Texas schools need to hire more black and Hispanic teachers, especially as the enrollment of minority students continues to rise, experts said.
The Dallas Morning News reported Tuesday that two out of three Texas teachers in the past school year were white, which is a proportion that has not changed much in recent years. The state projects that minority students will make up around 62 percent of the student body in the 2011-12 school year, up more than 10 percent from a decade ago.
“The research shows that if you can match the ethnicity and race of teachers and students, teachers tend to be more effective,” said Ed Fuller, associate director of the University Council for Educational Administration at the University of Texas at Austin. “It’s important for role modeling and pushing those students to go to college. Of course, you want to make sure teachers are well-qualified and not just thrown into a classroom because of race or ethnicity.”
A Harvard University Kennedy School of Government study published in 2004 concluded that white and black students in Tennessee did better on state tests with teachers of their own race.
The findings indicated that recruiting more minority teachers could generate important gains among minority students.
A similar study by the Education Resources Information Center found that Hispanic students had similar benefits. One of the reasons is that minority teachers better understand cultural differences and can “break down the students’ stereotypes,” according to the study.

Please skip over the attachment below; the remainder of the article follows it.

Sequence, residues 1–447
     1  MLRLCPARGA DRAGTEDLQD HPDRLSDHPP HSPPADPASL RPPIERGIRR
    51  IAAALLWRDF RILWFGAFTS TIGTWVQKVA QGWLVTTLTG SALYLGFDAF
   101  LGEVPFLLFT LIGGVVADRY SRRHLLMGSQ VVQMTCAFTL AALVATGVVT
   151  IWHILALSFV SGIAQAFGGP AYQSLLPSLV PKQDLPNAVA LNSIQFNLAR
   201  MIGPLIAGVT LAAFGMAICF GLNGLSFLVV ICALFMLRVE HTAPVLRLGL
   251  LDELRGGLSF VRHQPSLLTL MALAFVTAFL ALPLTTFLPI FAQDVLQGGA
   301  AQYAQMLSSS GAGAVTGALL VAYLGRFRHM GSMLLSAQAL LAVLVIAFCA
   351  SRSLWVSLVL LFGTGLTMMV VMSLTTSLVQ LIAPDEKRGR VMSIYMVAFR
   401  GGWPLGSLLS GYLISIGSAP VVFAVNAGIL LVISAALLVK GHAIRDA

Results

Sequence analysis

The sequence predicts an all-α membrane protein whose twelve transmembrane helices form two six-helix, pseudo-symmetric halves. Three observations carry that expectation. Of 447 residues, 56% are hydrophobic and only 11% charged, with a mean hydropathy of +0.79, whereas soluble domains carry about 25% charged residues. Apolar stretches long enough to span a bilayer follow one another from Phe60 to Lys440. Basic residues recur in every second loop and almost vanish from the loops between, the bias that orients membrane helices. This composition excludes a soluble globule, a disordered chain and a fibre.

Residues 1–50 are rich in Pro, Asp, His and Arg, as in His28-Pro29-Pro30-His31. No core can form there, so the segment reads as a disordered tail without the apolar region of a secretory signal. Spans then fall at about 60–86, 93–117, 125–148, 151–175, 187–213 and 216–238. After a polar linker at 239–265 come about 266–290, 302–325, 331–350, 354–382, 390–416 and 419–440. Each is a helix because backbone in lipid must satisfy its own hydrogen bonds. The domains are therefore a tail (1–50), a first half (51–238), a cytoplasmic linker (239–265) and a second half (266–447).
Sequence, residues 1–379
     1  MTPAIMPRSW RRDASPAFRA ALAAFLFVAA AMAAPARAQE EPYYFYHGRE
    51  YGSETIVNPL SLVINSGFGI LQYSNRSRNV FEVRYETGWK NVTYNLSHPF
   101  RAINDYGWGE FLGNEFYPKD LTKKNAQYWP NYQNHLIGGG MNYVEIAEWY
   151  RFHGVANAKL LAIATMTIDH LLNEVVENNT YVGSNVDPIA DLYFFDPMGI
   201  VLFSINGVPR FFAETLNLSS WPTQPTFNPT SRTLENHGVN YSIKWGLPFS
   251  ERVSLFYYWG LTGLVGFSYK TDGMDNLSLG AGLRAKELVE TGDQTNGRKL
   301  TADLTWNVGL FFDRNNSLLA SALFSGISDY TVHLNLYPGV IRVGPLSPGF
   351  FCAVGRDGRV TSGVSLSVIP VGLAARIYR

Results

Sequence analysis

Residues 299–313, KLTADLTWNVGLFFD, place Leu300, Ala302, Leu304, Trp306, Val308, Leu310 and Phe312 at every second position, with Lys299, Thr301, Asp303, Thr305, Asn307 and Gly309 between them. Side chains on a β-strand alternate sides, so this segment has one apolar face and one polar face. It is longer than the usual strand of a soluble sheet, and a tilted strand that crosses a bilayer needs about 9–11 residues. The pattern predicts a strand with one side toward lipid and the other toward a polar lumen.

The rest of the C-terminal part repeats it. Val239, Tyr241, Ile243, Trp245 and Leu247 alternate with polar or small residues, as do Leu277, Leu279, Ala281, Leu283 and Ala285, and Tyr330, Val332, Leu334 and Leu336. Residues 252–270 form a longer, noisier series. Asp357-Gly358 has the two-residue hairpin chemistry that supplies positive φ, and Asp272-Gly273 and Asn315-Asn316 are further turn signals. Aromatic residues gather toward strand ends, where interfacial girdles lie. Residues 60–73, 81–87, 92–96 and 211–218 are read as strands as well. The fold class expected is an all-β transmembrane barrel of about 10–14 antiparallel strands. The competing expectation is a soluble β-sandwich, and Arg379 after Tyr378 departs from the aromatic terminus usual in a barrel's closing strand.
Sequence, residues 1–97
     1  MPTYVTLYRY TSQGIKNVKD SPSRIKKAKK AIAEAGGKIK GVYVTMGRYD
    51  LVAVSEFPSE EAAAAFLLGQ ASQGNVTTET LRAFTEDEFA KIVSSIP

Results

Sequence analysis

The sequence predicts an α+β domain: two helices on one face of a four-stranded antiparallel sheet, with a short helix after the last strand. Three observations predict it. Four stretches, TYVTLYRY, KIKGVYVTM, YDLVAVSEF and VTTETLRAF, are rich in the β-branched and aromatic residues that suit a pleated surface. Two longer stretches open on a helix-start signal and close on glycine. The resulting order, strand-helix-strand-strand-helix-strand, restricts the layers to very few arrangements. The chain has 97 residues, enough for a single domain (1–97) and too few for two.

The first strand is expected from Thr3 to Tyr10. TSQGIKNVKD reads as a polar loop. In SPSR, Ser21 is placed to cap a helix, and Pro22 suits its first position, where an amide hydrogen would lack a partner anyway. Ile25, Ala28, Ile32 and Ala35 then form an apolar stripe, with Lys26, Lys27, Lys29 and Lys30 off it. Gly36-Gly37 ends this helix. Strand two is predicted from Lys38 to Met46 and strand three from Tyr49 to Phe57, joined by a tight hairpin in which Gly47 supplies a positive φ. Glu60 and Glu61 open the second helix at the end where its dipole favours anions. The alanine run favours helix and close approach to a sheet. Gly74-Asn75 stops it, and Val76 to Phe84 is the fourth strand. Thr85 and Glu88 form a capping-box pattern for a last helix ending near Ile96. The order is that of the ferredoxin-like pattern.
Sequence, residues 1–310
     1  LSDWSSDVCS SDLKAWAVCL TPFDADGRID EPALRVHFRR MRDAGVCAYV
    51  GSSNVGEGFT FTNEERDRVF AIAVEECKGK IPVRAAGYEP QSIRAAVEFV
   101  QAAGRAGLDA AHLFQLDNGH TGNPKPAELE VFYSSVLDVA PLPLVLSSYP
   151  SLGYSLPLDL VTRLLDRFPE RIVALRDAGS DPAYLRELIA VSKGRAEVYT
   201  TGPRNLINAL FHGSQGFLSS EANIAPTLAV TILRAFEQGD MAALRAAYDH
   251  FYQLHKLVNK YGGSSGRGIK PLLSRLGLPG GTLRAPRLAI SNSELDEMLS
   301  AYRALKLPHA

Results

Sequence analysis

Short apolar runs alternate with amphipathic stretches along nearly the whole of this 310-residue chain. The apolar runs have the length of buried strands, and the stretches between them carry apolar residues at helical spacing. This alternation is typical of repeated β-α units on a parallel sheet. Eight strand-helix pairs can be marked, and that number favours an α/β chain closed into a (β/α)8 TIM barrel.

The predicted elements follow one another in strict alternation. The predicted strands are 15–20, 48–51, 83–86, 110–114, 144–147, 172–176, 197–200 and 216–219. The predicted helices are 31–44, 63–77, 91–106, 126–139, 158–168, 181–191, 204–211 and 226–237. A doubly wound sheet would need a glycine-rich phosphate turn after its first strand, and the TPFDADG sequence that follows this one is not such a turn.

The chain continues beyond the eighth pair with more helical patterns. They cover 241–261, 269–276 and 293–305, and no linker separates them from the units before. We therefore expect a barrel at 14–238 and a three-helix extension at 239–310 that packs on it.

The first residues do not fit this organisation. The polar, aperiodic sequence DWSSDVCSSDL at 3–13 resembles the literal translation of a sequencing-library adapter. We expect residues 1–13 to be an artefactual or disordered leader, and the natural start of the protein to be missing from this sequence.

Texas school districts hire about 30,000 to 35,000 new teachers every year, but the pool of minorities interested in the profession is small, local officials said.
“The pay isn’t very competitive in many cases,” said Angela Davis, a black teacher at Marcus Elementary School in Dallas and president of the labor group NEA-Dallas. “Many of them want to make more money, so they choose other fields.”
Linda Bridges, president of the teacher group Texas AFT, said it is important to get people into the profession who truly want to make it a career.
“The heart of the question is, who is going into education and what are we doing to attract more minority teachers?” Bridges said. “The teaching force needs to look more like the students we are serving.”
Fuller said the state hasn’t pushed hard to get more minority college graduates into the classroom.
“It’s hard to change the makeup of our teaching force very quickly,” he said. “The state leadership hasn’t paid much attention to this problem or even thought about it for years and that’s why we are where we are.”
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